According to SAMHSA’s 2012 National Survey on Drug Use and Health, only 10 percent of those struggling with substance abuse or addiction received the treatment they needed. The best time to get sober was yesterday, and the second-best time is right now.
As previously stated, if your life or relationships are affected by your substance use, that is probably addiction. When you call, our treatment navigators will ask questions to determine the severity of your addiction.
Along with additional information on your situation, knowing your addiction severity helps our navigators find the best alcohol or drug rehab facility for you. Rating your addiction’s severity is done using the 11 criteria for addiction, which ranks addiction from mild, moderate, or severe. These criteria include:
Commonly, those suffering from substance abuse or addiction have friends whom they may want support from when deciding to get sober. But rarely are our friends supportive of this decision. Usually, this is because they either have a similar problem themselves or do not understand the extent of your addiction.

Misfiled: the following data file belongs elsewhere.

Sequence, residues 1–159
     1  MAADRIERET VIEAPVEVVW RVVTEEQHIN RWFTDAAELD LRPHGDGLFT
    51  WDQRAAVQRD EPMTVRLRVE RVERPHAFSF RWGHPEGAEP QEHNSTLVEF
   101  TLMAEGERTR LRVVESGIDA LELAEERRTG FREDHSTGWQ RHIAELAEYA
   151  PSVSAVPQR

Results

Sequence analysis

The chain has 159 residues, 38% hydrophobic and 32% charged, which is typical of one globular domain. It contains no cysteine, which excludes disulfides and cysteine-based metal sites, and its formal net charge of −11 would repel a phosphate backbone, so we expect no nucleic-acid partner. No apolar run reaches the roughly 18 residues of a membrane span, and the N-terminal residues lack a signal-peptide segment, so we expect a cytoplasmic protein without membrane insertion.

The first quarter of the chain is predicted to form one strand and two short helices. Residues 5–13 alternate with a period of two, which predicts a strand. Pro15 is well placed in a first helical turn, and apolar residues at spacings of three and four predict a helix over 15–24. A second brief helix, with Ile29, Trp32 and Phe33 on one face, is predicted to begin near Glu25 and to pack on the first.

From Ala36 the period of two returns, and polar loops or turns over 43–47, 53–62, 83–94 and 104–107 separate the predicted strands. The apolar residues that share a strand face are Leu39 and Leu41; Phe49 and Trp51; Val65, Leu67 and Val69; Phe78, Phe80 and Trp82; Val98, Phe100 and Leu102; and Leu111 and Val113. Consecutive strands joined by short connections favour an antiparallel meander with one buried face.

If your friends or family members have a substance abuse problem or addiction themselves, it is rare to get support from them toward your sobriety. This lack of support is often to avoid the potential loss of their friend or avoid admitting their problem to themselves. All good friends will support your decision to get sober because it is what is best for you, and the best way to support them is to get sober yourself first.
The other common reason you may not receive support from your friends or loved ones when seeking recovery is that they do not understand. This is common as those suffering from substance abuse or addiction usually conceal the extent of their problem from those important to them.
Know that those suffering from addiction often hurt their loved ones in ways they may not realize. Remember also that it is difficult for people to grasp addiction’s darkness if they have never experienced it. Take this opportunity to be honest and open with your problem and your need to seek help.